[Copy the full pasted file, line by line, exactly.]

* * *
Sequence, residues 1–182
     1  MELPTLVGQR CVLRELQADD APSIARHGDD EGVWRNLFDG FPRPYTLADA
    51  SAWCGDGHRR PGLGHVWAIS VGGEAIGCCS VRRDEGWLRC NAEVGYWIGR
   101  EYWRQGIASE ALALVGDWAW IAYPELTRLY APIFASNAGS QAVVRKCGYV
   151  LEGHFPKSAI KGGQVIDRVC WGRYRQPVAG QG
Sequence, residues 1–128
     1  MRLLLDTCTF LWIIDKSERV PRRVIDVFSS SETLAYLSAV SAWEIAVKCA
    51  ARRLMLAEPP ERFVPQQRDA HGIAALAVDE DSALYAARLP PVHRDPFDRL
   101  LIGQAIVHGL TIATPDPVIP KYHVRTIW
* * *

Sequence, residues 1–182
     1  MELPTLVGQR CVLRELQADD APSIARHGDD EGVWRNLFDG FPRPYTLADA
    51  SAWCGDGHRR PGLGHVWAIS VGGEAIGCCS VRRDEGWLRC NAEVGYWIGR
   101  EYWRQGIASE ALALVGDWAW IAYPELTRLY APIFASNAGS QAVVRKCGYV
   151  LEGHFPKSAI KGGQVIDRVC WGRYRQPVAG QG
Sequence, residues 1–128
     1  MRLLLDTCTF LWIIDKSERV PRRVIDVFSS SETLAYLSAV SAWEIAVKCA
    51  ARRLMLAEPP ERFVPQQRDA HGIAALAVDE DSALYAARLP PVHRDPFDRL
   101  LIGQAIVHGL TIATPDPVIP KYHVRTIW